Today I have a very special client story, it reads almost like a fairy tale. My client, after losing her previous dog, slowly started looking for a new companion. She said she had the time and the patience, and also she lives in a house with a garden, so she decided to give a dog a chance who would be difficult to adopt.
The lucky dog turned out to be Szörp, a foxi mix about 2 years old, who was abused as a puppy and then spent 1.5 years in a shelter. Many dogs who people believe come from an abusive background were not actually, but Szörp showed the trauma. He was afraid of hands (hhe liked petting at his own pace, but would back down at the empty hands that you would show as “no more treats here”) and was terrified of leashes.
His owner wrote to me:
“leash is the biggest problem, he could barely be leashed in the shelter, but ever since he got here, he is terrified of it, pees in at sight, gets tense and has even snapped at me. He’s scared after every attempt, even of me.”
The first time we counter-conditioned him to a lead – I wanted to get a baseline – after about 2 minutes, when he didn’t show many signs of stress other than backing up and basically being cautious, he started shaking. This strong, bodily reaction also suggested that he was not “just” fearful and insecure, but had re-experienced trauma.
We needed to come up with a treatment following the general principles of trauma informed therapy:
- Take care of any existing health issues (treat/manage symptoms).
- Have knowledge, understanding and empathy for the traumatic experience.
- Have low expectations and be prepared to lower them.
- Have patience and focus on your animal’s feelings, not actions. Trauma treatment is not training.
- Create a safe environment, one that is consistent and predictable. Be a companion, not a captor.
- Prevent re-traumatization. Build trust and resilience by providing choice and control.
The most important part of the therapy was that Anna was infinitely patient with Szörp, not forcing him to step out of his comfort zone too quickly, and most importatnly not aiming for taking him out for walks as soon as possible.
During our work together we focused on just a few things:
- environmental enrichment
- over time play in the garden became possible
- positive social interactions with people (only as much as Szörp wanted)
- “consent test” for petting, every time (petting for 3-5 seconds, then pause and see if he asks for more)
- very gentle counter-conditioning to the leash, in the garden where there is more space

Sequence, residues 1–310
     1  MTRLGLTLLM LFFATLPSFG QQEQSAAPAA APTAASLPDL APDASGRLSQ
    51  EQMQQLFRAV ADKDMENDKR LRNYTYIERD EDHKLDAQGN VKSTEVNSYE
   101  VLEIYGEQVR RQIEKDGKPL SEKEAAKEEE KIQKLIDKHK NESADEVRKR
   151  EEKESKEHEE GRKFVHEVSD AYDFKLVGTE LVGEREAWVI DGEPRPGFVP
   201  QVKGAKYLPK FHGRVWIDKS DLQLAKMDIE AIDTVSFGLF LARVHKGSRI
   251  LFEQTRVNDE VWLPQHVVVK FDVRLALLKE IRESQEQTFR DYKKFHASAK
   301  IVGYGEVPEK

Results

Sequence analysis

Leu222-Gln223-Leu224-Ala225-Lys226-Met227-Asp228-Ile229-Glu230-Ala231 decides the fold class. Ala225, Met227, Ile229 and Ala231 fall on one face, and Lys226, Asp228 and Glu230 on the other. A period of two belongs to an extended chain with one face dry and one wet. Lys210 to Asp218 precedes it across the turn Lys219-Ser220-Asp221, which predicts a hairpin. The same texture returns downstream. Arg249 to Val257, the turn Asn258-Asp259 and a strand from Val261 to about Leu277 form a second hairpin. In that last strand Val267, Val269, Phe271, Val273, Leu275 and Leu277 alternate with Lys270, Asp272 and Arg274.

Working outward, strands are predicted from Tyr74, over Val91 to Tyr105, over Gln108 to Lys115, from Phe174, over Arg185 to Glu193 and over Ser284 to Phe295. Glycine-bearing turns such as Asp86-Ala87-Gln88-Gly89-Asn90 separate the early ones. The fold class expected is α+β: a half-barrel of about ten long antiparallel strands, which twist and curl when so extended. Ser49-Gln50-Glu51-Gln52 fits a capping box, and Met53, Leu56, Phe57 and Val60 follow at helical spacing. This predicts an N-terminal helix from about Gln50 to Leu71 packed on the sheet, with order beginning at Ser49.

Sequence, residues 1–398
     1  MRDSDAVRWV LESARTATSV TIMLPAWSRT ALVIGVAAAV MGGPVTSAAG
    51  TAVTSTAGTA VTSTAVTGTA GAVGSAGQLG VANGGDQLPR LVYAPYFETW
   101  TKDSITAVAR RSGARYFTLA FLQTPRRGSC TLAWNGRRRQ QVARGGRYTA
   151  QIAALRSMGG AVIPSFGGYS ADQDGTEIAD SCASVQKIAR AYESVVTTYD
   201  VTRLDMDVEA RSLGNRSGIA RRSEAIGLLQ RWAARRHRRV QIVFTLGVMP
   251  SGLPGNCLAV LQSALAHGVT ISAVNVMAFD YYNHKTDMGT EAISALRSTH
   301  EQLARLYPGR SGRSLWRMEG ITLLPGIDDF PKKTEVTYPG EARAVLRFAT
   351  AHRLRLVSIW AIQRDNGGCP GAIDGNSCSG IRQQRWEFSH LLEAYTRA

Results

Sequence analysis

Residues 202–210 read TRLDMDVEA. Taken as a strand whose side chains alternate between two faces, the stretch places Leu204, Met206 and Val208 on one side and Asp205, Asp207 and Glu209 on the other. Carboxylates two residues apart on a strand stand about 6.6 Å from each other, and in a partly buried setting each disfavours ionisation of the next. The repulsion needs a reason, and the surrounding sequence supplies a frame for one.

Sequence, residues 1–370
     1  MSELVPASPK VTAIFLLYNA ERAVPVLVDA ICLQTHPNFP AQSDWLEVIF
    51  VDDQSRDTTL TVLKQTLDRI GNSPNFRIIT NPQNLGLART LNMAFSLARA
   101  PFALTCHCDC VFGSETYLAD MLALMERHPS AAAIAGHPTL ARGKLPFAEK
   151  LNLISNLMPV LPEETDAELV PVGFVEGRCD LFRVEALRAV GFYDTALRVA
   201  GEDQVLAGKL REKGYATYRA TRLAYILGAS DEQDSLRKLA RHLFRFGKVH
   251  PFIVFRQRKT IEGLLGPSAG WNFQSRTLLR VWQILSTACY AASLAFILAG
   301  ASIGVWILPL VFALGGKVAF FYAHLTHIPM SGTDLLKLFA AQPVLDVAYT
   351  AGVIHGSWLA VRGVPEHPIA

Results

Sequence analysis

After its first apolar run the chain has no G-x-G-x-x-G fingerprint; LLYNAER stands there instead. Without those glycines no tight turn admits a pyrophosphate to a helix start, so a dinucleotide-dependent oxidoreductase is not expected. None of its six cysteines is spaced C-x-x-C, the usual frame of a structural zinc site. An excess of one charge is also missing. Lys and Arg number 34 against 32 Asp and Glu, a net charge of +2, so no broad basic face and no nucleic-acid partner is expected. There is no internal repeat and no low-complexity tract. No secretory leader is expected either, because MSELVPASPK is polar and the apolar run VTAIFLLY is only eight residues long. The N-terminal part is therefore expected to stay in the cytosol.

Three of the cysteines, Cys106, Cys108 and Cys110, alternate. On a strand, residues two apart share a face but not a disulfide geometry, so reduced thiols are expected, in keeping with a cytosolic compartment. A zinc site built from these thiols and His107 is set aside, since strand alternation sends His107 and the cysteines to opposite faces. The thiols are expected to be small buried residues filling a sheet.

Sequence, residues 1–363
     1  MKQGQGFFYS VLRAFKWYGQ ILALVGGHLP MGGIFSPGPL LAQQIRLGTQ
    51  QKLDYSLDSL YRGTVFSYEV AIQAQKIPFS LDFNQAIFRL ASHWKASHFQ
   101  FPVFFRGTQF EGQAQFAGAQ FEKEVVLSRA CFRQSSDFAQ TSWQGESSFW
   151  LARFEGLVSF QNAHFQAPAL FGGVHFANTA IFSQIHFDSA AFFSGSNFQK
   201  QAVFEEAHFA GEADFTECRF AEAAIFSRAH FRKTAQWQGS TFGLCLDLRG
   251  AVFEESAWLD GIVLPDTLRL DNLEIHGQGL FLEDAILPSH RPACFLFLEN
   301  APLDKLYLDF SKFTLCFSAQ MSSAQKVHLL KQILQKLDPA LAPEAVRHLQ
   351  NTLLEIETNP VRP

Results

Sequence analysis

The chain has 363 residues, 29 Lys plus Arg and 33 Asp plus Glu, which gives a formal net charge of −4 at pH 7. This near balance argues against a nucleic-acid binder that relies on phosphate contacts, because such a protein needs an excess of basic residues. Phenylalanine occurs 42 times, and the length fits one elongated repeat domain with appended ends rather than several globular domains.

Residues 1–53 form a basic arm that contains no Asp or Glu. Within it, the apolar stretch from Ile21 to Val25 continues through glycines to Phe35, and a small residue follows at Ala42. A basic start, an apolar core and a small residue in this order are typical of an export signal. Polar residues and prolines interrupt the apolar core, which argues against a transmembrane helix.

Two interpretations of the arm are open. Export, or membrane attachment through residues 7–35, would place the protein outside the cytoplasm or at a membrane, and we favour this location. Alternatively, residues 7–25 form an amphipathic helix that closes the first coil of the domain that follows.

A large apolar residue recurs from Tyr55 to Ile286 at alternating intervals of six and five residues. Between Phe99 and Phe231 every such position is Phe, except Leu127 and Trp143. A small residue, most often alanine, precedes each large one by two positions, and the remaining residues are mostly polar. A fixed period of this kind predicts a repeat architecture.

- conditioning a safe space
- since Szörp seemed to like dogs, Anna arranged for her to meet a calm, older dog in the garden with whom he was happy to spend time
In Szörp’s case, the box training turned out to be incredibly useful as it allowed Anna to travel to Pécs with Szörp at Christmas, even though it was still impossible to put him on a lead. He was brought in the car in a box and in Pécs they were also in a house with a garden, where he had a great time.
I didn’t hear from them for a while after Christmas, but in February I got the fantastic news: Szörp was not only doing well in general, but also going for walks. Despite the fact that we didn’t put much emphasis on counter-conditioning, as he got more confident and overall, Anna bought a leash from a different material (which doesn’t rustle or rattle), and they were able to use it
Anna wrote to me:
“And then the big word, the leash!
We have been going for a walk every day for a week! I changed the leash in Pécs to an organza leash, so it doesn’t rattle when hhe pulls (he doesn’t pull, he walks really well, he sniffs, makes friends, we are learning eye contact, we are going slowly, but I have no doubt he will get it quickly, as was the case with almost everything so far).
The point is that he has become an incredibly cute, cuddly, social dog, I am touched by his development every day. Oh, and of course he also has started to test the limits: he’s stolen socks, he’s gotten into our food and he’s also stolen his greyhound friend’s food (he lifted the top off a bucket), it was hard to keep a straight face 😀”
Congratulations to Anna and Szörp and I look forward to working with them again!
trauma in animals
fear/anxiety/phobia in dogs